Lecture 13 - Chapter 13.docx

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Dalhousie University
Health and Human Performance
HAHP 2000
Matthew Numer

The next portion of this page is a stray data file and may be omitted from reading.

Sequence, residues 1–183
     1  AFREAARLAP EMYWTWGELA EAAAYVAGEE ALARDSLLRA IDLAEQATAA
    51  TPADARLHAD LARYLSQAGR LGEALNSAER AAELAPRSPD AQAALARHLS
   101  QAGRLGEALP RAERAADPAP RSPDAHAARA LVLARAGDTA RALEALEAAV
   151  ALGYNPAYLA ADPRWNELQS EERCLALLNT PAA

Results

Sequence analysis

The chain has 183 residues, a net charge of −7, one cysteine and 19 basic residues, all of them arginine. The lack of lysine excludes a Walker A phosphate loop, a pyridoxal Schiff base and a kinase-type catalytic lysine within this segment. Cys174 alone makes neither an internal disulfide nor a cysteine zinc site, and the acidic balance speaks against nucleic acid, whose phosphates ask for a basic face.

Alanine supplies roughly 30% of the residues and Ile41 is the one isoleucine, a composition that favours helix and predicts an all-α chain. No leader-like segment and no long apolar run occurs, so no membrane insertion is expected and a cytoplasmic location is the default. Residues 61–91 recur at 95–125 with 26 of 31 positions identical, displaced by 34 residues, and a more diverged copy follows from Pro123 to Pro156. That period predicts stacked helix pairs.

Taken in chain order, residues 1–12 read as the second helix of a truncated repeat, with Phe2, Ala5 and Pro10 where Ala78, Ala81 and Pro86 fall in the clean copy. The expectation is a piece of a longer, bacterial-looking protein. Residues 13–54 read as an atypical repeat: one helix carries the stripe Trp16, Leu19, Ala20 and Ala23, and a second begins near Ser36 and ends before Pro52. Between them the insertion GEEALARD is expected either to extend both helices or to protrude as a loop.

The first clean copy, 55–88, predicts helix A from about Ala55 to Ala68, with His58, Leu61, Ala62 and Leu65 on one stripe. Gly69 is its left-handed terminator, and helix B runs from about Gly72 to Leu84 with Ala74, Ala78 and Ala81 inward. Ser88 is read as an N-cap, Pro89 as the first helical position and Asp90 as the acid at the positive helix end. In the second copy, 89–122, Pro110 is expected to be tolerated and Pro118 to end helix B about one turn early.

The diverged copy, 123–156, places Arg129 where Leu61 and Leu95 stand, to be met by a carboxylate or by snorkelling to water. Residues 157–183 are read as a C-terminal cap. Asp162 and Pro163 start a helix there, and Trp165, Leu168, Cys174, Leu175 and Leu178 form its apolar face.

Chapter XIII Physical & Cognitive Development in Early Adulthood PHYSICAL & COGNITIVE DEVELOPMENT IN EARLY ADULTHOOD: 1. Transition from adolescence to adulthood 2. Physical development, health & wellness 3. Sexuality 4. Cognitive development 5. Careers & work THE TRANSITION FROM ADOLESCENCE TO ADULTHOOD: The Criteria for Becoming an Adult: • First permanent, full­time job most widely recognized marker of adulthood • Economic independence also a criterion • More than 70% college students report that being an adult means: o Accepting responsibility for the consequences on one’s actions o Deciding one’s own beliefs & values o Establishing a relationship with one’s parents as an equal adult   Unlikely to happen (myth) Stress: • Stress & depression rates higher among post­secondary students today­ why? o Needing to succeed in school, getting a good job after graduation, making lots of money Education: • CAN highest rate of university attendance in the world (41% of 18­21 yrs enrolled in university) PHYSICAL DEVELOPMENT, HEALTH & WELLNESS: Peak/Slowdown in  • Peak physical performance & best overall health between 19­26 yrs Physical  Performance o Few young adults have chronic health problems • Hidden danger of peak performance/health is that YA push bodies too far &  bounce back too quickly o Leads to health problems later in life • Muscle tone & strength show signs of decline ~30 yrs Obesity • Heredity accounts for 25­70% variance in body mass o Identical twins have similar weights, even if reared apart o Animals can be inbred to have a propensity for obesity • Set point­ Weight maintained if NO effort made to gain/lose weight o Fat stored in adipose cells that when filled, prevent hunger • With weight gain, number of fat cells increases (possibly for good) • Environmental factors 1 Chapter XIII Physical & Cognitive Development in Early Adulthood o Doubling rate of obesity since 1900 in US suggests strong  environmental role in weight gain  Greater availability of food (especially high fat food)  Energy saving devices  Declining PA o Obesity 6x more prevalent in women with low incomes vs. women with  high incomes o US more obese than EURO & many other areas of the world Substance Abuse • 87% university students drink alcohol • Cigarette smoking linked to  o 30% cancer deaths o 21% heart disease deaths o 82% chronic pulmonary disease deaths • Second hand smoke results in 9000 lung cancer deaths/year Disease Model of Addiction: • Biologically based – Viewed as a lifelong disease involving loss of control over behavior o Requires medical/spiritual treatment for recovery (AA) o ~85% relapse • Addiction is either inherited or bred into a person early in life o Current or recent problems not viewed as causal • Addicts can never be cured or rid of the ‘disease’ Life Process Model of Addiction: • Addiction is an habitual response NOT a disease o Source of gratification or security  o Result of conditioning • Addiction should be viewed/understood in context of social relationships/experiences COGNITIVE DEVELOPMENT/STAGES: Piaget’s View • YA more quantitatively advanced in their thinking than adolescents (have  more knowledge) o Adults increase their knowledge (especially in specific areas) • Adolescents begin to plan/hypothesize about intellectual problems • Many adults do not think at the formal operational level Reflective &  • Perry’s Theory proposed that Relativistic Thinking o Adolescents view world in polarities  2 Chapter XIII Physical & Cognitive Development in Early Adulthood  Right/wrong, good/bad, we/they o As we advance into adulthood, absolute, dualistic thinking gives way  to reflective, relativistic thinking  Shades of grey as opposed to black/white CAREERS & WORK: Developmental  • As we age, begin to examine money/happiness when choosing career Stages o Children have idealistic fantasies o In HS, begin to think of careers on a less idealistic basis o Late teens/early twenties, career choice becomes more serious o Mid­20s to remainder of adulthood, est. career is a major focus Personality Types • Holland’s Personality Type matches personality traits & career choice o Increased work enjoyment & job longevity may result o Pure personality types rare, most people a combination of types • Strong Campbell Interest Inventory uses Holland’s 6 Personality types
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